‘John Lennon 1980’ Book Coming: Author Q&A

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John Lennon’s final year, one initially of hope and renewal, yet ultimately of tragedy, is the subject of an upcoming book, John Lennon 1980: The Last Days in the Life. The new title, from noted Beatles historian Kenneth Womack, arrives October 29, via Omnibus Press.

The book’s publication date falls a few weeks after what would have been Lennon’s 80th birthday, and roughly six weeks before the 40th anniversary of his death.

From the book’s announcement: “Lennon’s final pivotal year would climax in unforgettable moments of creative triumph as he rediscovered his artistic self in dramatic fashion. With the bravura release of the Double Fantasy album with wife Yoko Ono, Lennon was poised and ready for an even brighter future, only to be wrenched from the world by an assassin’s bullets.

“Drawing on new interviews, the book is an informative, engaging and often deeply moving portrayal of the final chapter in Lennon’s remarkable life.”

Womack did a Q&A with Best Classic Bands, in advance of the title’s release.

Is there a lighthearted moment you can share about John in NYC that year? Perhaps a humorous encounter with someone in Central Park?

The picture sleeve for this single from Double Fantasy shows John and Yoko leaving their apartment building, The Dakota, on NYC’s Upper West Side

There are so many wonderful moments to recount about John’s life in New York City during the last few years of his life. He loved walking the streets of his neighborhood and around the park, of course, but he also wanted to preserve his privacy and sense of anonymity. These stories would often take on the same parameters: a smiling Lennon enjoying a stroll in the city, only to be spotted by a particular fan or passerby. John would catch their eye, their glint of recognition at having seen an actual Beatle in the wild. In such tales, John would invariably lift his index finger up to his lips, as if to say, “This is our little secret.” In such moments, the storyteller was happy to see John happily go on his way, unmolested in his adopted hometown.

It’s known that John was recording in secret with Jack Douglas but without a record deal. Can you talk about the reaction from the major labels once word got out that the album was available? (David Geffen was making a big splash with his new label, having just signed Donna Summer and Elton John as well.)

An ad for the album appeared in the Nov. 22, 1980 issue of Record World

There was definitely a sense of industry buzz around Double Fantasy and the Lennons’ contract status. As Yoko has documented, there was clearly a sense of animosity, with some labels, around the fact that the LP was planned to be a true collaboration, as opposed to a John-only project. Geffen quickly outpaced the herd by cementing his understanding that the record would be a collaboration. Indeed, it was a masterstroke on his part. In retrospect, of course, it was a strange time in the record industry, which was catering to a host of competing genres, including disco, new wave, punk, rock (soon to be known as classic rock), pop, and country crossover. In short order, there was a sort of identity crisis at play during that era, which may explain why they weren’t receiving lucrative, multimillion dollar offers in spite of the public curiosity about John’s bravura return to public life.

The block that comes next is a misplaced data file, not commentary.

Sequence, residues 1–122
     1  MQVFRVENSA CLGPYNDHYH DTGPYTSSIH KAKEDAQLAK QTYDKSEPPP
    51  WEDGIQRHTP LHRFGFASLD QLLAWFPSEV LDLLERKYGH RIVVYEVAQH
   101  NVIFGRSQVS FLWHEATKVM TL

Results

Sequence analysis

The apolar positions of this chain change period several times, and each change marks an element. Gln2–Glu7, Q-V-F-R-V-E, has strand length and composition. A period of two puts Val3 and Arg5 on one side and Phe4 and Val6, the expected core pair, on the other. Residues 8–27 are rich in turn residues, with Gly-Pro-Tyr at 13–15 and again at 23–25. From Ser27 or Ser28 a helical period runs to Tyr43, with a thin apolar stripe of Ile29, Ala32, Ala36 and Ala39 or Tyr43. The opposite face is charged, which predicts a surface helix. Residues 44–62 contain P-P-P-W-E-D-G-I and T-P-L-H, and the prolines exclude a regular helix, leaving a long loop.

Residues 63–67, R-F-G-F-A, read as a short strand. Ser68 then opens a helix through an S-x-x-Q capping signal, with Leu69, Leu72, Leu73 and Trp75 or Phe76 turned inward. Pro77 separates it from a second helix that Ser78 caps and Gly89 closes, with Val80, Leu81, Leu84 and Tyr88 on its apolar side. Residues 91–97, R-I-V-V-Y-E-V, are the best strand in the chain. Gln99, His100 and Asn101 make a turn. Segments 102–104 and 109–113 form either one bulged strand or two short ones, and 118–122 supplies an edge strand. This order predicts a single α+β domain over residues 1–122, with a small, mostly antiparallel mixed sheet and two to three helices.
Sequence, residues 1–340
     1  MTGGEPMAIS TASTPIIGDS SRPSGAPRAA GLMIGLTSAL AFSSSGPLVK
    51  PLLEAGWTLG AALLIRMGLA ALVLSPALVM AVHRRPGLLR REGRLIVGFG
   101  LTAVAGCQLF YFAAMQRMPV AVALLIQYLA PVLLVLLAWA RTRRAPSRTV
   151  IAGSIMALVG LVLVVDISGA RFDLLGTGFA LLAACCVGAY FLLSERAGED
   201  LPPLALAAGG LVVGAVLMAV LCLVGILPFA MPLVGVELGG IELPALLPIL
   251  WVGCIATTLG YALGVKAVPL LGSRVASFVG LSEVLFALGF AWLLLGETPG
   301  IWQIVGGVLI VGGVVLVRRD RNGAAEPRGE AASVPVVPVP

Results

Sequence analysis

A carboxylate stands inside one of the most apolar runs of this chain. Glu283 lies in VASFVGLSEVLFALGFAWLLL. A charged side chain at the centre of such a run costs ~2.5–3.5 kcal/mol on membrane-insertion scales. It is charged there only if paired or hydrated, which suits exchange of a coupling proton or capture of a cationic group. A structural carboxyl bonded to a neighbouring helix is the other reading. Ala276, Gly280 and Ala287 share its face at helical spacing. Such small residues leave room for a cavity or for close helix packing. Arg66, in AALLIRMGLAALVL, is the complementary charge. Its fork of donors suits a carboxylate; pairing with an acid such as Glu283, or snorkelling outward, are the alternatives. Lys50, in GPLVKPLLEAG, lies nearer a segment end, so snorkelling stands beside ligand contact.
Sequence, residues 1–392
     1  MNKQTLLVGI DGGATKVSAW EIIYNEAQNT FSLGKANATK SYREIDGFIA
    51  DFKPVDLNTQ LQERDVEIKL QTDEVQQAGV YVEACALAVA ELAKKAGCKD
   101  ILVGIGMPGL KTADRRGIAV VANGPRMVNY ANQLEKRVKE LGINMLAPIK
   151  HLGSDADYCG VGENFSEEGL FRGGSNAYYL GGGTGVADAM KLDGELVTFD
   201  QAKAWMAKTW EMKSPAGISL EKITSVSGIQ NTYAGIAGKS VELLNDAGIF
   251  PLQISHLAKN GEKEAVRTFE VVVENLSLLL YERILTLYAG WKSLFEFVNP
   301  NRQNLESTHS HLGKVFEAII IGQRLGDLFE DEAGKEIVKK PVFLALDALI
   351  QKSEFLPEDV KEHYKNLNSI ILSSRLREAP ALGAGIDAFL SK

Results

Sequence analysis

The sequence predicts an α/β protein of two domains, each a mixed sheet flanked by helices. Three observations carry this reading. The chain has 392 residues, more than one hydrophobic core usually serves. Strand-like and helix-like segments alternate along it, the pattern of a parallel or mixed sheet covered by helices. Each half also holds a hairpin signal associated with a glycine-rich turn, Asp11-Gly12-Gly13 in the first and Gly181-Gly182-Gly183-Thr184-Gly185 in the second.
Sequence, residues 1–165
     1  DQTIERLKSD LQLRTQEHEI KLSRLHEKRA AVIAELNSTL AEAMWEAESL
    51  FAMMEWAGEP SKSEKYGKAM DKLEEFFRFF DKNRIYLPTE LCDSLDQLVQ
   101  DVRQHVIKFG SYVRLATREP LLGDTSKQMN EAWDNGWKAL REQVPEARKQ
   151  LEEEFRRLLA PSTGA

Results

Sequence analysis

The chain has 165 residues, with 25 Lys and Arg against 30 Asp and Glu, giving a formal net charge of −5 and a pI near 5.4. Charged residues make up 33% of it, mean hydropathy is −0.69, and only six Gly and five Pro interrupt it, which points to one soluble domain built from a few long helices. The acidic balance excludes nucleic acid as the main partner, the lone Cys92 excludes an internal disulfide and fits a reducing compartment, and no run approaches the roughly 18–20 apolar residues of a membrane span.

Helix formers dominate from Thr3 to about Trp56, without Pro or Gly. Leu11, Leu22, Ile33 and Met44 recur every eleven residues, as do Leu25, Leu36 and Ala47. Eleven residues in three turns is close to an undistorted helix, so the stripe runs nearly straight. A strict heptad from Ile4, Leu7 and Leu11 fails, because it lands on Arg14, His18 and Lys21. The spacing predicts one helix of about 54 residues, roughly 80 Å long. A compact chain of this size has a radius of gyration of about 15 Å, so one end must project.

Related: Double Fantasy was one of just nine albums to reach #1 in 1981

We didn’t recall this, but we understand John and Yoko were planning an extensive tour. Do you have any info on that?

John had begun to come around to the notion of a tour during the latter weeks of his life. At one point he remarked, “Sure, I’d like to get up on stage with Yoko and a good band and play these songs and really do ’em, because the band’s hot as shit. They’ve just come off the album and they were all good – we’ve got the good feeling among ourselves. So it would be great. I’m just a little nervous about all that goes on around it. But I think we can probably handle it a bit better this time.” The tour was to be called “One World, One People,” and was slated to include an elaborate stage show, along with performances of early Beatles tunes like “I Want to Hold Your Hand.”

Where were you when you heard that Lennon had been shot and what impact did that have on you?

Like so many folks, I have vivid memories of that time. I was 14 years old when it happened. I remember my father coming upstairs, presumably to tell me the news after having heard it on Monday Night Football. I had gone to bed early that night. My father pushed the door open, but I feigned sleep, as teenagers become well-practiced at doing, because I must not have wanted to be bothered at the time. The next morning, I woke up to see the Houston Post and the awful news splayed out across the front page.

In 2019, Womack published the best-selling Solid State: The Story of Abbey Road and the End of the Beatles to coincide with the 50th anniversary of the Beatles’ album. He is the author or editor of more than 35 books including a two-part series on the life and work of Beatles producer George Martin.

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